- Elissa B. Gittes
- Charles E. Irwin Jr
Sexually transmitted diseases (STDs) are the most common reported infectious diseases among sexually active adolescents. The acquisition of an STD by the adolescent may result in significant morbidity, including eventual death from human immunodeficiency virus (HIV) infection. Serious medical sequelae for the adolescent female include pelvic inflammatory disease (PID), tubo-ovarian abscess, ectopic pregnancy, infertility, anogenital cancer, acquired immunodeficiency syndrome (AIDS), and morbidity and mortality of her off-spring. For the adolescent male, serious sequelae include epididymitis, proctitis, anogenital cancer, impaired fertility, and AIDS. The adolescent often begins his or her sexual career while under the care of a pediatrician, who, therefore, plays a crucial role in the evaluation and treatment of STDs in the adolescent patient. Of paramount importance is the clinician's role in education about and prevention of STDs in both the abstinent and the sexually active adolescent.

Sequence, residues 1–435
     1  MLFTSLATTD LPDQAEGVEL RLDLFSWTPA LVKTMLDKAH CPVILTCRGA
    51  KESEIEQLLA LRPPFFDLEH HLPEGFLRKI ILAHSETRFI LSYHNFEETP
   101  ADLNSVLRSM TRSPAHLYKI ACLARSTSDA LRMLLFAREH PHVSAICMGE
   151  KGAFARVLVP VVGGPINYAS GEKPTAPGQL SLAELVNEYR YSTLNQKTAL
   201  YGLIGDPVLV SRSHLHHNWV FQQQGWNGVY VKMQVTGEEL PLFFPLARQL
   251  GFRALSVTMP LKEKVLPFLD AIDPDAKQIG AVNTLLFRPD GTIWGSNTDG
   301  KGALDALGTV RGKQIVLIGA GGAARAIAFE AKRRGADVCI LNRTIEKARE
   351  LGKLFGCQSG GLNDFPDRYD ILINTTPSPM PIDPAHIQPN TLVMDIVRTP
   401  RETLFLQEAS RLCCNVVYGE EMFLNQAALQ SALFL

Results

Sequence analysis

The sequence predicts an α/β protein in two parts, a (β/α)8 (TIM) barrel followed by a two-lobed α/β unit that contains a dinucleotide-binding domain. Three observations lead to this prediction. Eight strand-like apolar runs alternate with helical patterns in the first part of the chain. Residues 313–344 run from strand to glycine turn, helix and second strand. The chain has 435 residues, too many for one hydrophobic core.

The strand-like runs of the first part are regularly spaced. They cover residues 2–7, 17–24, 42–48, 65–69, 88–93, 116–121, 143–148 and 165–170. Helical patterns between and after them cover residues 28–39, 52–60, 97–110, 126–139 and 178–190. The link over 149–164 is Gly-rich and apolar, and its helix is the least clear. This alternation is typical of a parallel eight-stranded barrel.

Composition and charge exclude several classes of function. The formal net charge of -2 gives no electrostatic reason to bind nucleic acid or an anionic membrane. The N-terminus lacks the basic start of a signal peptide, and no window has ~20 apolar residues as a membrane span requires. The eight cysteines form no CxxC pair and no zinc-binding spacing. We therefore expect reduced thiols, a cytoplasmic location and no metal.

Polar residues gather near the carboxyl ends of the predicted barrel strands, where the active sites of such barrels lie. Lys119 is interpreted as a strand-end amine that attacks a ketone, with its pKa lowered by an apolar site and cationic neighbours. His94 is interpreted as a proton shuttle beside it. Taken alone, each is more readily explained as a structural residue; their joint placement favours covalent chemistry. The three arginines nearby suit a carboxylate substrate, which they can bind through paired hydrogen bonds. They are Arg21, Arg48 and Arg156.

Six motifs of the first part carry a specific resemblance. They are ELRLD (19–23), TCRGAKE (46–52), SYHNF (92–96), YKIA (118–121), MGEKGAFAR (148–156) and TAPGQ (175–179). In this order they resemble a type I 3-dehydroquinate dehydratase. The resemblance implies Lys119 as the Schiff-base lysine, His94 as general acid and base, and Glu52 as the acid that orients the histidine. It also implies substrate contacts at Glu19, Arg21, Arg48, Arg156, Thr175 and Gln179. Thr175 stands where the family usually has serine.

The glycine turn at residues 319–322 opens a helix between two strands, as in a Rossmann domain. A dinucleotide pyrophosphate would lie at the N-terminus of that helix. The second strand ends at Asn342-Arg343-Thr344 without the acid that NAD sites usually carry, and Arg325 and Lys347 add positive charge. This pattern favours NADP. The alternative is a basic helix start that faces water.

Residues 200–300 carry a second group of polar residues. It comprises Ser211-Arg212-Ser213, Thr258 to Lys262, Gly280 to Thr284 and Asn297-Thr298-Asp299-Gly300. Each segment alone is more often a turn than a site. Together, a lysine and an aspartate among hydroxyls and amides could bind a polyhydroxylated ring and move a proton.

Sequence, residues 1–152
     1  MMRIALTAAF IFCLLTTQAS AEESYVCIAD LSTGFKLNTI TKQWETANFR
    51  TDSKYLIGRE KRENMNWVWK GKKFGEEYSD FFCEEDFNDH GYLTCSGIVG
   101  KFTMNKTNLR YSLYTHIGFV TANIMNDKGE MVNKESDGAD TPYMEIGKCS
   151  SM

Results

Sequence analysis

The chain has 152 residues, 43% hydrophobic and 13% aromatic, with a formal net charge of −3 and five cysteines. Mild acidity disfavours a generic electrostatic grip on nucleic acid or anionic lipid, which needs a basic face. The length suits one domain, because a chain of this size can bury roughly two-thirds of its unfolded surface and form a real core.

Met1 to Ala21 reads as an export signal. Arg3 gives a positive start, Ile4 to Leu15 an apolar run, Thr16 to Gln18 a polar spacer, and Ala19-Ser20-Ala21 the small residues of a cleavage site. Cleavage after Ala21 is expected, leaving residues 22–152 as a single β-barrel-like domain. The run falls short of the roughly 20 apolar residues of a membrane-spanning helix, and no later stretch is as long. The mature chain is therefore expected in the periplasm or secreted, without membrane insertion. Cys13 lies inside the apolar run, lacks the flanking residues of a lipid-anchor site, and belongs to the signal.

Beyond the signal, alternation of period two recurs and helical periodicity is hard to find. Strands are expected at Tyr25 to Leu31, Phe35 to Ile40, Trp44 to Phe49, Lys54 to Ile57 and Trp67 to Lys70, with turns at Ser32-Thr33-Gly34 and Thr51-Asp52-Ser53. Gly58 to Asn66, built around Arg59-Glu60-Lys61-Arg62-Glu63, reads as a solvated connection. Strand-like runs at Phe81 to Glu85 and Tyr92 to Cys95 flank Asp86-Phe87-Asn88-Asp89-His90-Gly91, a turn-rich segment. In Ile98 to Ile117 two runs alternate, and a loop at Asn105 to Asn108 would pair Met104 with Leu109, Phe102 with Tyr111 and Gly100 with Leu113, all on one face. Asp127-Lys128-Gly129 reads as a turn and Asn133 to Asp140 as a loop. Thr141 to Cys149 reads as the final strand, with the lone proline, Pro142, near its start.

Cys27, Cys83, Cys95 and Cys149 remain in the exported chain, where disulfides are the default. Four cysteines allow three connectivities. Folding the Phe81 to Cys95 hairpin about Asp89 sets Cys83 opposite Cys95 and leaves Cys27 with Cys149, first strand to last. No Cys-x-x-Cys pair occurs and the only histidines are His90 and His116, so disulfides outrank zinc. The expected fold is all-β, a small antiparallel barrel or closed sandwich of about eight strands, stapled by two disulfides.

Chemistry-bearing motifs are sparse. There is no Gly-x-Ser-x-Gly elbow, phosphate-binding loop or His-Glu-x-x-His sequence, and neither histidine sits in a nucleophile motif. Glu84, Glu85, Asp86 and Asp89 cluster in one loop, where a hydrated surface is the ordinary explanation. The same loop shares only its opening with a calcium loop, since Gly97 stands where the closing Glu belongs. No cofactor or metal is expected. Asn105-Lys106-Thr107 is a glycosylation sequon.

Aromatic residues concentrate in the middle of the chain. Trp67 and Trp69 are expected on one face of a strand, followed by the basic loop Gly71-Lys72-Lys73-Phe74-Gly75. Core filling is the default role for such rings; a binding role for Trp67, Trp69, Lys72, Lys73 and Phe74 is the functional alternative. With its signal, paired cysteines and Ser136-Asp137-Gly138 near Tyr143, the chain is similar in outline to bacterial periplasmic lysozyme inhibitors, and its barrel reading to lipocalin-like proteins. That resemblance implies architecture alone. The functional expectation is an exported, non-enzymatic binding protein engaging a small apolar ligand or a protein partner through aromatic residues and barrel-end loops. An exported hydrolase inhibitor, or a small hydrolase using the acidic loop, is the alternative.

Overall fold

During the past 2 decades, the age of onset of heterosexual intercourse has been decreasing, with a resultant increase in the prevalence of STDs. Data from the 1988 national survey on adolescent sexual debut indicate that by age 15 years, 25% of black and white females and white males and 69% of black males have initiated coitus. By age 19 years, 76% of white females, 85% of white males and black females, and 96% of black males report having had sexual intercourse at least once.1
- Copyright © 1993 by the American Academy of Pediatrics